President Peter Mutharika has reaffirmed government's commitment to ensuring that all people displaced by devastating rains return to their normal life and continue with their routine activities for their livelihood improvement.
Mutharika visits flood victims in Phalombe
Mutharika was speaking on Saturday at Mileme Primary School evacuation camp in the area of Traditional Authority Jenala in Phalombe when he visited and cheered households displaced by floods following the continuous rains experienced last week.
He said government remains committed to improve people's living conditions including those affected by natural disasters by instituting various social protection programmes such as enlisting affected households in public works and social cash transfer programmes, among others.
"We will do everything possible to ensure lives of people that have been affected by the floods return to normal," Mutharika said.
Mutharika said he has since directed the Ministry of Lands, Housing and Urban Development to take on board all people whose houses were destroyed by the disaster under the Decent and Affordable Housing Subsidy Programme, popularly known as the Cement and Malata Subsidy.
The president, however, asked people to render support to people affected by the floods with the little available resources in community in the spirit of patriotism considering that Malawi was well known as the Warm Heart of Africa.
He deplored gender based violence which is mostly perpetrated by men.
On killings and abductions of people with albinism, Mutharika said government is determined to deal with the problem once and for all, saying the United Nations had deployed a team of experts to assist in investigating the issue, besides instituting a Commission of Enquiry.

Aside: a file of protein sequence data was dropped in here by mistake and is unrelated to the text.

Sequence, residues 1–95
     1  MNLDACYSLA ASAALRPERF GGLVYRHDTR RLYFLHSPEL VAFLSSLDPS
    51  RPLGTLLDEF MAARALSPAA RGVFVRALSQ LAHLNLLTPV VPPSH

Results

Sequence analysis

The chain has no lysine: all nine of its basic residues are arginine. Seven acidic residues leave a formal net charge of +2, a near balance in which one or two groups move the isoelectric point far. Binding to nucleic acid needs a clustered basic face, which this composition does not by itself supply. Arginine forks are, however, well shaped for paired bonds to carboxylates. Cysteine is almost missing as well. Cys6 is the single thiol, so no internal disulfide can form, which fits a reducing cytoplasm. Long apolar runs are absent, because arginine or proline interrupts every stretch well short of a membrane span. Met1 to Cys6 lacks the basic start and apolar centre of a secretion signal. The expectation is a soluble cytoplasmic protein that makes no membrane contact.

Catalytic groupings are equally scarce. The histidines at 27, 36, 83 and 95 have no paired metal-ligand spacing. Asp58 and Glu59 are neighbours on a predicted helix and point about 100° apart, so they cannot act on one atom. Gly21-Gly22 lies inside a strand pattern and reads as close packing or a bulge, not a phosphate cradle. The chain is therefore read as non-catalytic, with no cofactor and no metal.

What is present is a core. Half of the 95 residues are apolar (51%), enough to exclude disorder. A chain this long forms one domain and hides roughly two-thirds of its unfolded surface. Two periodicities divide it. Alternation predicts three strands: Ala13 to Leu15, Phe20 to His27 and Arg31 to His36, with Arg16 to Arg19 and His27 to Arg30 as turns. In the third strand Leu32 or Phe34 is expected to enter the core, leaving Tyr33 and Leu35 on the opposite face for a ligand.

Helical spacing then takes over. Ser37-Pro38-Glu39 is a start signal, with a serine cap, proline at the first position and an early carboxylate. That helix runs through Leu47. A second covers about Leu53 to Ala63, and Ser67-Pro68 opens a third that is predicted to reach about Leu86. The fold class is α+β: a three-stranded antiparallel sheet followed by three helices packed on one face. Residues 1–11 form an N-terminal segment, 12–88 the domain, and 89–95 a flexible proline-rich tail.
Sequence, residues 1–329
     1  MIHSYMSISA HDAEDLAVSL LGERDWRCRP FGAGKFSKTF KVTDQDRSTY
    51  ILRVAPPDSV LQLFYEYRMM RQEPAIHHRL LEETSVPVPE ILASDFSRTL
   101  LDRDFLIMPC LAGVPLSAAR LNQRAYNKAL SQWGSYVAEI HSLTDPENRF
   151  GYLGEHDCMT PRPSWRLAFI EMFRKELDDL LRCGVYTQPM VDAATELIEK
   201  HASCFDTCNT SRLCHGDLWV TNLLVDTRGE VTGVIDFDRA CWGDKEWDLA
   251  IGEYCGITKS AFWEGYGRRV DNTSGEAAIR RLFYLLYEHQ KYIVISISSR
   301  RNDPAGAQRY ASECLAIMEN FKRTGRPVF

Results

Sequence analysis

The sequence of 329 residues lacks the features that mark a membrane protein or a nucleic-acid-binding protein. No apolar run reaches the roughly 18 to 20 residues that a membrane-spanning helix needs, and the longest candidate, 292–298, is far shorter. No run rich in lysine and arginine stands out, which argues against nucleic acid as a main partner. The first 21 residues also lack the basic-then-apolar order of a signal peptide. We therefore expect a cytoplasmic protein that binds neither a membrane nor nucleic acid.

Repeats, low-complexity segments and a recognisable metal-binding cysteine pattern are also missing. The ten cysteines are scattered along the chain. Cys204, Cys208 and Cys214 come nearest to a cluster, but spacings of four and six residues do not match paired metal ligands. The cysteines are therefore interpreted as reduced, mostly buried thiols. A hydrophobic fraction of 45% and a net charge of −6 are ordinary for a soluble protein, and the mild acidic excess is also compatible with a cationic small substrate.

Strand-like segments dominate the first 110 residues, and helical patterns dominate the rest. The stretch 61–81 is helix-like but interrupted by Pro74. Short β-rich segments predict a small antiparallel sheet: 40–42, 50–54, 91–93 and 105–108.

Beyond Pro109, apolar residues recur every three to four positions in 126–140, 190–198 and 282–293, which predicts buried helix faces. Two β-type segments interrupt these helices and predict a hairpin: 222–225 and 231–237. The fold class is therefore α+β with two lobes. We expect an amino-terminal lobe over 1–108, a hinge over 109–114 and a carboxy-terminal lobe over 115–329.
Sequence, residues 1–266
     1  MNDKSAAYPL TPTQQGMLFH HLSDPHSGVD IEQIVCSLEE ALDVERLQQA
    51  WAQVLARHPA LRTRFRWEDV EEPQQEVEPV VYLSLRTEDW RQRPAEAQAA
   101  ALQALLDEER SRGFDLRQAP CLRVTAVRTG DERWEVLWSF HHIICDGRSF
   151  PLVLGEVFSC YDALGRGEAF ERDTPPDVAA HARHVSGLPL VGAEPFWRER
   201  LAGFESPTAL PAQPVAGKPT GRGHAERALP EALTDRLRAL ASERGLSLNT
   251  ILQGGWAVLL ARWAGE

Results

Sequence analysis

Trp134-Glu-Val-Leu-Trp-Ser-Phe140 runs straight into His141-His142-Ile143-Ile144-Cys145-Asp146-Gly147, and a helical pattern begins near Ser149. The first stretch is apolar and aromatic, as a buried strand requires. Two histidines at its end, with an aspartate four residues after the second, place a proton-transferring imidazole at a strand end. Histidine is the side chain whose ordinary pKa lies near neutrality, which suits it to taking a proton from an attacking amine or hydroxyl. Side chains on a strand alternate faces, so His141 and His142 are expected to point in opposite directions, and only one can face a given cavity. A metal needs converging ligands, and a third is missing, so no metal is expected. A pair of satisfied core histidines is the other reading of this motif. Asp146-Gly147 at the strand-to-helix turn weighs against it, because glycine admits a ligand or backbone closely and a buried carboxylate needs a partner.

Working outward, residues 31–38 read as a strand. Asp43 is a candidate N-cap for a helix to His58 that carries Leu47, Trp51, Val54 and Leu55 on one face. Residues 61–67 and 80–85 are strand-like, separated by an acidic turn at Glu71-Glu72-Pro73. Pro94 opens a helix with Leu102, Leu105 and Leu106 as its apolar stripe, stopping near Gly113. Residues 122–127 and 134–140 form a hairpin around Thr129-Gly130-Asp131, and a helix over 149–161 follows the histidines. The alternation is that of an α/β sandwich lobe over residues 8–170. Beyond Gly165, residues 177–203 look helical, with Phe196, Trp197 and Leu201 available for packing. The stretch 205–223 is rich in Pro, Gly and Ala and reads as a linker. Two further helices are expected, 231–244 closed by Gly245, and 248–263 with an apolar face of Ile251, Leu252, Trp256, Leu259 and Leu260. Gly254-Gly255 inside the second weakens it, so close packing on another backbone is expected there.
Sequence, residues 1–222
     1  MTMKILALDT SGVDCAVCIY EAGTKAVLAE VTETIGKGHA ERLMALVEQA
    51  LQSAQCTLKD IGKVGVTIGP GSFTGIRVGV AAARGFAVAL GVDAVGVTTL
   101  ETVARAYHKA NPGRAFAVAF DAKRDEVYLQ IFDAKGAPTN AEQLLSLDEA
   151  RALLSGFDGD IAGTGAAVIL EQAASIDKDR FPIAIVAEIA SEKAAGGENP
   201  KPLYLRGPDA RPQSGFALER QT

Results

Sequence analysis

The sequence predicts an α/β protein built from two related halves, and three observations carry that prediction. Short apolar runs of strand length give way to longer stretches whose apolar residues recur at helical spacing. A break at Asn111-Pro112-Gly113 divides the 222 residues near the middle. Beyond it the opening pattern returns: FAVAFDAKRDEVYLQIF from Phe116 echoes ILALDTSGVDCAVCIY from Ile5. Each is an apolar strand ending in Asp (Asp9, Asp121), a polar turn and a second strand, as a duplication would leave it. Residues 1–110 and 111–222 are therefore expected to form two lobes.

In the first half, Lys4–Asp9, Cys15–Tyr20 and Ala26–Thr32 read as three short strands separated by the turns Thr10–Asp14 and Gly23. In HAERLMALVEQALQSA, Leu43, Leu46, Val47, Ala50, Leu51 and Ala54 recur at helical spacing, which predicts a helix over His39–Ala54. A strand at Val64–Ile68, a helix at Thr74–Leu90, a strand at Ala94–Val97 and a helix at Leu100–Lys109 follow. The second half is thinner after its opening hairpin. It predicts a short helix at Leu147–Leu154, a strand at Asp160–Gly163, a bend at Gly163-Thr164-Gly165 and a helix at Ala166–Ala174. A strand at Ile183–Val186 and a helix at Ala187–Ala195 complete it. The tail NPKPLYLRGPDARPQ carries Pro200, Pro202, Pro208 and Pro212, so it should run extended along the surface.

"Government is doing its best to come to the bottom of the problem. The commission that we've swore-in this week is composed of highly respected people headed by a Judge of the Supreme Court of Appeal," he said.
"But there are some misguided people who are busy undermining government efforts to deal with the problem," he said. "We should take politics out of the issue of albinos."
The Malawian leader, therefore, thanked the governments of South Africa and America for responding to government's call immediately when the disaster was declared a state of emergency.
"The US Government has supported Malawi in its humanitarian efforts with K146 million while South Africa has sent a team of rescue experts. This kind of bilateral cooperation needs to be commended," he added.
District Commissioner for Phalombe, Memory Kaleso said the disaster left one child dead and 18 others injured with most of the affected losing household property, including food.
However, Kaleso said the council was grateful to Malawi Red Cross Society and Sawa Group, the Indian Community and Bilal Trust for responding swiftly to the call by government on the emergency.
"Classes have been disrupted because; either the children have lost their learning materials to the floods or classrooms have been occupied by people displaced by the same," Kaleso said.
At least 21, 870 households representing 96, 026 people have been affected by the floods in Phalombe district alone.
Traditional Authority Jenala said the displaced people were living in deplorable conditions with sanitation and hygiene compromised. He said the stormy rains have also destroyed crops thereby increasing people's vulnerability to hunger.
He described Mutharika as a considerate and passionate leader, noting that by cutting short his official visit to the north was clear demonstration of his concern for the welfare of all Malawians.